Nextloopp, the UK-based global, multi-participant PP recycling project launched by Nextek Ltd in October 2020 has welcomed TotalEnergies as its newest member. The Nextloopp initiative brings together 48 companies from the plastics value chain with the aim of creating food-grade recycled polymer through the use of advanced mechanical recycling technology. Ultimately the project proposes to close the loop on food-grade PP.
TotalEnergies’ participation and the extensive technical capabilities in creating circular solutions for PP resins which they are bringing into the initiative strengthens the project as a whole, according to Professor Edward Kosior, the founder and CEO of both Nextek Ltd and Nextloopp.
“They contribute to the growing body of expertise in controlling the properties and formulation of their range of both virgin and recycled PP for a myriad of applications,” he said.
Nextloopp is the outcome of eight years of research and commercial trials, during which new technology was developed, which enabled food-grade PP to be efficiently and cost-effectively sorted from post-consumer material. After sorting the material, it undergoes a decontamination step that is rigorous enough to allow the polymer to comply with stringent food-grade standards. Nextloopp has recently completed a landmark study of background contamination of post-consumer PP packaging for its submissions to food safety authorities in Europe (EFSA), in the United States (USFDA) and in the United Kingdom (UK FSA).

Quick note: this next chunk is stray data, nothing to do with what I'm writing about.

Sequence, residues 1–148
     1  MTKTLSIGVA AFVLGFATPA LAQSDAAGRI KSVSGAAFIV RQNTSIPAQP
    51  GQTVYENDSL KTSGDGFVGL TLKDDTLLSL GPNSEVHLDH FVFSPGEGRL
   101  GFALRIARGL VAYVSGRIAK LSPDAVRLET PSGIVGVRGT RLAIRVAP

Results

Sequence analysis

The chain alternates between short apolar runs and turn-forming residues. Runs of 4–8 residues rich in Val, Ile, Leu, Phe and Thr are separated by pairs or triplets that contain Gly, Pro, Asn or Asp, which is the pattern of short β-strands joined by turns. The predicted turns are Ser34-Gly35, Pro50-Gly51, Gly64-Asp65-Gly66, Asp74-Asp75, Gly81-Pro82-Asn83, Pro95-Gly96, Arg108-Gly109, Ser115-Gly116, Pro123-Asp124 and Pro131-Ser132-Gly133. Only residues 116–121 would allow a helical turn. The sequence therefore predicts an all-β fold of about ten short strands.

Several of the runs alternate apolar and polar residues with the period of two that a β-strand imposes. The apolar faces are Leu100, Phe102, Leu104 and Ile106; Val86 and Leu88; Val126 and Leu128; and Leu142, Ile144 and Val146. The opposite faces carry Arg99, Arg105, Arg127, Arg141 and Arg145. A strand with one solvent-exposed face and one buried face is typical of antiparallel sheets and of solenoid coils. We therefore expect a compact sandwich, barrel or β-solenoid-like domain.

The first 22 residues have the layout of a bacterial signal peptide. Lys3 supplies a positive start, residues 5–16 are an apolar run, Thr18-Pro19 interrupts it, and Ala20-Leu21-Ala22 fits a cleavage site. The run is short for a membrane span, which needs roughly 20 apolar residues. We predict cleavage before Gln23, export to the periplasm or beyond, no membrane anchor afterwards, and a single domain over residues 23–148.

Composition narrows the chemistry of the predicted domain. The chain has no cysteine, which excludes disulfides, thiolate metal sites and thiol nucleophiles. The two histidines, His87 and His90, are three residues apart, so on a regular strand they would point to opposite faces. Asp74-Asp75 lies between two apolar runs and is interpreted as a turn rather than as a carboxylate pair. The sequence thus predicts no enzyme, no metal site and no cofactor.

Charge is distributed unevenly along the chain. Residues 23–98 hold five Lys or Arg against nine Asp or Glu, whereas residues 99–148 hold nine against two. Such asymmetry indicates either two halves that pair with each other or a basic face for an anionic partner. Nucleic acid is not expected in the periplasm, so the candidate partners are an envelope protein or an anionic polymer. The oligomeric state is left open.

TotalEnergies has joined the initiative, among others, to meet the growing customer demand for high-quality recycled polymers. The company says that the technology will enable it to further expand its recently launched RE:use polymers range, which features products containing mechanically recycled raw materials.
“This initiative will allow us to go one step further in developing technologies to produce food-grade recycled material from advanced mechanical recycling and broaden our options for projects that contribute to our ambition to produce 30% circular polymers by 2030,” said Nathalie Brunelle, Vice President Polymers at TotalEnergies.